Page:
Taking a gander at Shiller PE, which is an inflation-adjusted earnings metric, we might see something that might be at least slightly frightening. As you can see, the average inflation adjusted PE ratio from 1890 to present is 16.72 with a median of 16.09. Currently, we are at 29.31. Now, personally, I think this is a bit deceptive. The given time frame for this is 1890 to present calculated monthly. With a standard deviation of 6.639684, a Shiller PE of 29.31 would be almost 2 standard deviations from the mean (assuming normal distribution, which this data is close to with a skewness of 1.07 and Kurtosis of 2.11). Now, this is still within the normal expected observation range. We expect to observe 95.4% of data within these bounds. So a Shiller PE of 29.31 is not insanity as many people are leading people to believe. But let's say you didn't believe this time frame was accurate and you wanted to only look at the monthly Shiller PE from 1980 to present. You find that the mean and the median both increase to 21.63491 and 21.41, respectively. Now using this time frame, a Shiller PE of 29.31 is only .901 standard deviations from the mean. It is important to note that the kurtosis of this data falls to .092825 and the skewness falls to .4155. Both these imply that our normal distribution assumptions are much more strained here; so take this with many more grains of salt.
Now, let's look at this data (graph courtesy of multpl.com) with some serious some old school analysis: eyeballing it. As you can see, the current ratios we are observing have only been dwarfed by two periods: Black Tuesday of the stock market crash of 1929 and the height of the tech bubble.
The last indicator is a chart that I will be using again in my next VIX article but it is equally useful here. At present, we have seen almost all S&P 500 companies report earnings and as we move into Q1, investors should watch for the drop-off that typically occurs between Q4 and Q1 results. Some people think that this market euphoria must be the result of the looming corporate tax cuts and they may be right to some degree but let us look at a YTD chart of the S&P 500 performance vs. 2017 earnings expectations (provided by ZeroHedge).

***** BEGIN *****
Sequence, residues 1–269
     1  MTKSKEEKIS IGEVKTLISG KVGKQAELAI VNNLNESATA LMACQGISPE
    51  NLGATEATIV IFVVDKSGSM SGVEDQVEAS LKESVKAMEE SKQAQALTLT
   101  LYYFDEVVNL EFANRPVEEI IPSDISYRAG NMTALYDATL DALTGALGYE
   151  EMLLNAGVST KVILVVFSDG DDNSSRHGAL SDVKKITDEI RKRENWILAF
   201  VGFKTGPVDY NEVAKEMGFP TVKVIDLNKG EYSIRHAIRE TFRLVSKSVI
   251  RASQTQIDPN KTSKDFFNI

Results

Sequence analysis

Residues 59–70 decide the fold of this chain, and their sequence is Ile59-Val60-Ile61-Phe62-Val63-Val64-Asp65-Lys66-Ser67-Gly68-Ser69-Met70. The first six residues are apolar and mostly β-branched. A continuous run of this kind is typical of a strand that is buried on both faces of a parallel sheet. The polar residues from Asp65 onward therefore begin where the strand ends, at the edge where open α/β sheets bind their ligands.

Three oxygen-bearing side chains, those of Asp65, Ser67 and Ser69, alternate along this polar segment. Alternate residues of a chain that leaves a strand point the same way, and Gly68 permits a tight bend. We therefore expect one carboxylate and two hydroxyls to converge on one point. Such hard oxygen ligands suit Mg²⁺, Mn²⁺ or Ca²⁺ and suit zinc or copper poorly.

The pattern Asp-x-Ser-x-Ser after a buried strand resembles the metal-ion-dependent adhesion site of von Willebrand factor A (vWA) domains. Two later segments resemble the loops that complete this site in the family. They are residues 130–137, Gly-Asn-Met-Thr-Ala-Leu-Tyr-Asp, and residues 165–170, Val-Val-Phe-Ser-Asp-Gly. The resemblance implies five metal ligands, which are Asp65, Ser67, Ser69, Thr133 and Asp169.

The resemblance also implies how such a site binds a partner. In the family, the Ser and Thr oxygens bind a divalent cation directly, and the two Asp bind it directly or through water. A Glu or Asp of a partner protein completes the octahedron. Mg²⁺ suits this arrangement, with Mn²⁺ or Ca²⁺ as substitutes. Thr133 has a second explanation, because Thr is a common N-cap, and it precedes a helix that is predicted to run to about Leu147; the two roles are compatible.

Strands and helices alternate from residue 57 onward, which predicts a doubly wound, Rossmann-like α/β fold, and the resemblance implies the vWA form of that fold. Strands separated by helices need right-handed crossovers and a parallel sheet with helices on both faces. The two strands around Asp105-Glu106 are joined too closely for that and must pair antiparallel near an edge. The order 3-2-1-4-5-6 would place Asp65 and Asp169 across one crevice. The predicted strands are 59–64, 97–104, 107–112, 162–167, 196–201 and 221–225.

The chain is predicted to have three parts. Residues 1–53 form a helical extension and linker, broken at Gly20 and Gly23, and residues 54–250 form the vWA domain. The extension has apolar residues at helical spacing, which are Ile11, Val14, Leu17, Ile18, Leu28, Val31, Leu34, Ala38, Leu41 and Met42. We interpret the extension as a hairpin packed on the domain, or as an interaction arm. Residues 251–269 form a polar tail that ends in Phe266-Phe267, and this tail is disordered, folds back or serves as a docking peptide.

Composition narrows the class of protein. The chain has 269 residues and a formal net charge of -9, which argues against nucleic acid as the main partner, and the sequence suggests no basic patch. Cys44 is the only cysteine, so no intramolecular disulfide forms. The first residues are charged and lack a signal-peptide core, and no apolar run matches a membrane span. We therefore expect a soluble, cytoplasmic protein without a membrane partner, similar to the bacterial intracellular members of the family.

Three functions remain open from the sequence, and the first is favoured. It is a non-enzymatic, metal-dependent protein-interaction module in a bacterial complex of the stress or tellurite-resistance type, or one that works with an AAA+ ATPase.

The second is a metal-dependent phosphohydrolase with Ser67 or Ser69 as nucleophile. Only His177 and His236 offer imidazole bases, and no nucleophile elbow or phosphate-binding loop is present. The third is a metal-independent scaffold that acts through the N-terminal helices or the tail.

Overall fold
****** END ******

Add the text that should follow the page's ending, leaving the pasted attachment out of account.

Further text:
Scary right? We are seeing the SPY surge ahead yet the prevailing sentiment of earnings expectations moving downwards; so on a forward PE basis, things appear to be moving in a direction where everything is more expensive to buy (or wonderful to sell).
Now, how can you make money off of this or avoid losing your gains? Be smart. Perhaps start slowly offloading those positions that are doing mediocre right now and you hope will have a delayed reaction to the Trump Rally. If you are largely holding market index ETFs, might be a nice time to start building a nice cash position and wait for a little dip or increase your holdings into some safe-haven securities (not bonds… we will talk about this later…). Personally, I have sold out of my holdings in SPY and have started weighting into some safe-havens while I build up my cash position. Interestingly enough, due to how low gold has been for the last month or so, my safe-haven securities have been among my top gainers so far.
Disclosure: I/we have no positions in any stocks mentioned, and no plans to initiate any positions within the next 72 hours.
I wrote this article myself, and it expresses my own opinions. I am not receiving compensation for it (other than from Seeking Alpha). I have no business relationship with any company whose stock is mentioned in this article.
Additional disclosure: I am not a registered investment advisor or broker/dealer. Readers should conduct their own research and due diligence and obtain professional advice before making investment decision. I will not be liable for any loss or damage caused by information obtained herein. Readers are solely responsible for their own investment decisions.